Arrowheads Vs. Cave Paintings

Cave of Hands (13000 – 9000 BCE), Argentina.

Why Human Data Is More Powerful than Tools or Platforms.

At KL we realize the value of data is far greater than either analytic tools or platforms.  As a team, we spend a lot of our time discussing the topics of data and analytics, especially analytics tools. We used to devote more time to this latter topic in terms of selection of existing tools and development of new ones. We spent less time talking about platforms and data.  Overt time we have come to understand that all three of Data, Platform, Analytics are vital ingredients to what we do.  This is visualized in our logo, we are about the triangulation of all three.

On this journey, I have come to realize that some things take a long time to learn. In my case , when you study engineering, you realize that the desire to make tools (in the broadest sense) is in your DNA. Not just your own, in everyone’s.

Building tools is what humans do, whether it’s a flint arrowhead, the first machine screw or a self-driving car. It’s what we have been doing for millennia and what we will continue to do.

As a species I think we are blind to tools because they are so abundant and seemingly easy to produce – because as a species we make so many of them.  In that sense they are not very interesting and those that are interesting are soon copied and made ubiquitous.

What is true of axes, arrowheads and pottery is also true of analytics businesses. The reason it is hard-to-build a tool-based business is that the competition is intense. As a species, this won’t stop us trying.

In stark contrast to analytics tools, is the importance of data and platforms. If a flint arrowhead is a tool then the cave painting is data. When I look at images of cave paintings, such as the cave of hands shown, I am in awe.  A cave painting represents a data point of human history, the cave wall the platform that allows us to view it.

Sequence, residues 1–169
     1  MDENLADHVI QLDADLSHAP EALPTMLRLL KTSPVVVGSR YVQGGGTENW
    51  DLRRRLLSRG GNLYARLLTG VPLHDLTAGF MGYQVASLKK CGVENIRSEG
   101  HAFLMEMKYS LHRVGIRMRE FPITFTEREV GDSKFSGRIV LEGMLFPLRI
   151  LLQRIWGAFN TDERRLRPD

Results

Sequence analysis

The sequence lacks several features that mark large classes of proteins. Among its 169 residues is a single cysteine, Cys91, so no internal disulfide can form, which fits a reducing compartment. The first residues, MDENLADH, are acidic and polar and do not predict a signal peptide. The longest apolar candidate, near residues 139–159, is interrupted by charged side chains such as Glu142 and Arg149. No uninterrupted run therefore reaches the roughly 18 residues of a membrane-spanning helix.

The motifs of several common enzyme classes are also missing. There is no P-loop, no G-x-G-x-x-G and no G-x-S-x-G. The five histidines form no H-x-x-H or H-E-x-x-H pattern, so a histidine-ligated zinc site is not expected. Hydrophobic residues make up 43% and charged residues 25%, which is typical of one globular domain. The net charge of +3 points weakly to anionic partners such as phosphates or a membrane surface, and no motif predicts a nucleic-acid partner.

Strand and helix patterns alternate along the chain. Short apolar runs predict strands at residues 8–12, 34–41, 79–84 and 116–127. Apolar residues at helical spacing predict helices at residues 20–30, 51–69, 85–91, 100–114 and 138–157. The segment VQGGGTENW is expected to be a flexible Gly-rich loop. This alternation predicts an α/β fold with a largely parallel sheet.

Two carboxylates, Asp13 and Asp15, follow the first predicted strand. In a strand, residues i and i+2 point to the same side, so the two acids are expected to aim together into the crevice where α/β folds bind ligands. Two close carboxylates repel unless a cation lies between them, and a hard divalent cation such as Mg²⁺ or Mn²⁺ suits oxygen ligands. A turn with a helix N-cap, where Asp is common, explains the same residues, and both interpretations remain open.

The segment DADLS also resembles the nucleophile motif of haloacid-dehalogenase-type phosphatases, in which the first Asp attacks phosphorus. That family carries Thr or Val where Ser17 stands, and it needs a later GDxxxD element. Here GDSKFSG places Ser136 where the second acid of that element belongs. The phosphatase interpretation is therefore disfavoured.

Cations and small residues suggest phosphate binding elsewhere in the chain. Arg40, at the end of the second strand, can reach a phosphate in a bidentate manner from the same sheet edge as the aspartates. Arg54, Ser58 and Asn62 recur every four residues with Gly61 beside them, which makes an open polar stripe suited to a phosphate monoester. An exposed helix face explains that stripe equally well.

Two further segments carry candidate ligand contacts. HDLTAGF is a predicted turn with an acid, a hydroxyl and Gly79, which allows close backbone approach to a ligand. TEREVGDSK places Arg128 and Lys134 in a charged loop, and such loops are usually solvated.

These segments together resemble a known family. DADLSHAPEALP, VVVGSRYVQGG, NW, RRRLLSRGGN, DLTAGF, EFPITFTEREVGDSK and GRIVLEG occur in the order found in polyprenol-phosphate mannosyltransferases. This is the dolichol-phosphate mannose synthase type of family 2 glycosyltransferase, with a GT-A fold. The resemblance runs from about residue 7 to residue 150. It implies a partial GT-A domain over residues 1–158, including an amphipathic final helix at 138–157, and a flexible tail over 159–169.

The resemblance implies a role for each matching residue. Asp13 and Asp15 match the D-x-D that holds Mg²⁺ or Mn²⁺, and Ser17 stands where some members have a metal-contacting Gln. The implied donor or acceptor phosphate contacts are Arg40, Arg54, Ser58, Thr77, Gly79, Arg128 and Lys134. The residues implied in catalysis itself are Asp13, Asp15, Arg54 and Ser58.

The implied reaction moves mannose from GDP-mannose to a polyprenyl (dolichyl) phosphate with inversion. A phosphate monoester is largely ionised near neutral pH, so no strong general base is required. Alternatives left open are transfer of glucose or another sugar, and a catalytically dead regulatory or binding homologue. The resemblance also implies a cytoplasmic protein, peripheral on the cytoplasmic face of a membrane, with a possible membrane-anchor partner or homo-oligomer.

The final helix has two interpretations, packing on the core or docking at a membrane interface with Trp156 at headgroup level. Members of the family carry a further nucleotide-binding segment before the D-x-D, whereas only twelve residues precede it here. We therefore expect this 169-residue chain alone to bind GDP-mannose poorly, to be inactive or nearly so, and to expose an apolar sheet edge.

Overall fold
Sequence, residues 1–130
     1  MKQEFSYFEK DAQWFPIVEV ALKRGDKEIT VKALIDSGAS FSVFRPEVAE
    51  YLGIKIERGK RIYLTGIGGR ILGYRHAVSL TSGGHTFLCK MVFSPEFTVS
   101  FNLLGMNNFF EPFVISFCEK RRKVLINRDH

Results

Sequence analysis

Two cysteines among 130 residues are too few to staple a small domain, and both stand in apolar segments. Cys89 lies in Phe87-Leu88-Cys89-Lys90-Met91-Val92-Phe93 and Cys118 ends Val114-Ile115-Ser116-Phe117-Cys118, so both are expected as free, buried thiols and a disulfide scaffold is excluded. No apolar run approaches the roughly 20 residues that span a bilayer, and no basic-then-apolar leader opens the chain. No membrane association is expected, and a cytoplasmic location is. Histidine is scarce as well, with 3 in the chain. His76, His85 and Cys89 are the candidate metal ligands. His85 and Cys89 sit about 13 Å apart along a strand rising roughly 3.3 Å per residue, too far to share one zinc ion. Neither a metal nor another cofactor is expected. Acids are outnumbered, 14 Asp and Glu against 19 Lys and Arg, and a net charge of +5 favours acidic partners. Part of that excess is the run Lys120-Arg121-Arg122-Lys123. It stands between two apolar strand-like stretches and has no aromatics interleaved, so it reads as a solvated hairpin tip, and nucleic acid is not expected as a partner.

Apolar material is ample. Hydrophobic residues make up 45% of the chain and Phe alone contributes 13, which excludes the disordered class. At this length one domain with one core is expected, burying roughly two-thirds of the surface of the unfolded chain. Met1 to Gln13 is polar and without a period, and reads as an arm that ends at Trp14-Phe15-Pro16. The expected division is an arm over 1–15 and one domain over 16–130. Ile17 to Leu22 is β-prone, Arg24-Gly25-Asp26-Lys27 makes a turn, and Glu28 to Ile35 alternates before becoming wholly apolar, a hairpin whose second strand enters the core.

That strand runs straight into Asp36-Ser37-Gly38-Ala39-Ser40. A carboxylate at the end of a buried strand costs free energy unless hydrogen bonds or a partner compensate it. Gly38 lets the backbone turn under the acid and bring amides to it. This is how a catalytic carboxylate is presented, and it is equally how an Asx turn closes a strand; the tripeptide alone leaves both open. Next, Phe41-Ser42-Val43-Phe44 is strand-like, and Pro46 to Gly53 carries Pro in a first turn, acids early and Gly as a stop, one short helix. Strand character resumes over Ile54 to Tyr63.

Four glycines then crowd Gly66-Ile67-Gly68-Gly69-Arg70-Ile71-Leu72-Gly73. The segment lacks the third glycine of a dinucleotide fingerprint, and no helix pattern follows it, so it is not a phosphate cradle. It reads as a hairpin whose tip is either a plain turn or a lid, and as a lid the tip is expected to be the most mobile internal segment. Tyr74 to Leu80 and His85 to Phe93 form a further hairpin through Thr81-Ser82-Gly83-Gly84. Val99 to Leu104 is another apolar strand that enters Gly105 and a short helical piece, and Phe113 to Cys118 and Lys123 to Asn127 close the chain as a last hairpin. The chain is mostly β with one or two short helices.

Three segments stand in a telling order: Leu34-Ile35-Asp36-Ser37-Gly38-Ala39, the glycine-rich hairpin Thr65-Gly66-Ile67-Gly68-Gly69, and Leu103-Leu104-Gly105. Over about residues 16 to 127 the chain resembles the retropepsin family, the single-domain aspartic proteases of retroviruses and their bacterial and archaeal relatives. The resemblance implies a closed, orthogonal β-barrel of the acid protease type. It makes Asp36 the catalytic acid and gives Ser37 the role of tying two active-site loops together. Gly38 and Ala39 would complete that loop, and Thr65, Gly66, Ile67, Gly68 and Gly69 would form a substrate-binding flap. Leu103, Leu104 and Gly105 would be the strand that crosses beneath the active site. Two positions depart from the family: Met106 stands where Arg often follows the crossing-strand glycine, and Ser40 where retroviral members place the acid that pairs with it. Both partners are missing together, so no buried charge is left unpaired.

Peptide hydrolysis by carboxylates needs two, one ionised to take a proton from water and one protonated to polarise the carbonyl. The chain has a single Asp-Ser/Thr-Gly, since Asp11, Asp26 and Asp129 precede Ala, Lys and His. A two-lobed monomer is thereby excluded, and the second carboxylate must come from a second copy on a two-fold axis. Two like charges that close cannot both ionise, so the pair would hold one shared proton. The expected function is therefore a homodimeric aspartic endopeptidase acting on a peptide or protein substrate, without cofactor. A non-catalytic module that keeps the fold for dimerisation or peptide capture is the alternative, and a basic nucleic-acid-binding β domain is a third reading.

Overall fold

This is very relevant to building a data-driven business, those firms that have access to data and provide a platform to engage with it will always find more traction than those that build tools to work on top of platforms and data.

Human data points are hard to substitute and, as a result, are more interesting and have a greater commercial value than tools.

Machine Screws and AI

 

The attraction of AI is that it is learns by experience. All learning requires feedback, whether its an animal, a human or a computer doing the learning, The learning-entity needs to explore its environment in order to try different behaviors, create experiences and then learn from them.

For computers to learn about computer-based environments is relatively easy. Based on a set of instructions, a computer can be trained to learn about code that it is executing or is being executed by another computer. The backbone of the internet uses something to similar to ensure data gets from point A to point B.

For humans to learn about human-environments, this is also easier. It is what we have been doing for tens of thousands of years.

For humans to learn about computer-based environments is hard. We need a system to translate from one domain into another. Then we need a separate system to interpret what we have translated. We call this computer programming, and because we designed the computer, we have a bounded-system. There is still a lot to understand, but it is finite and we know the edges of the system, since we created it.

It is much harder for computers to learn about human environments. The computer must translate real-world (human) environment data into its own environment, and then the computer needs to decode this information and interpret what it means. Because the computer didn’t design our world it doesn’t have the advantage that humans do when we learning about computers. It also doesn’t know if it is bounded-system or not. For all the computer knows, the human-world is infinite and unbounded – which it could well be.

In the short term, to make this learning feasible we use human input. Human’s help train computers to learn about the real-world environments. I think of the reasons that driver-less car technology is being focused on, is that the road system is a finite system (essentially its 2D) that is governed by a set of rules.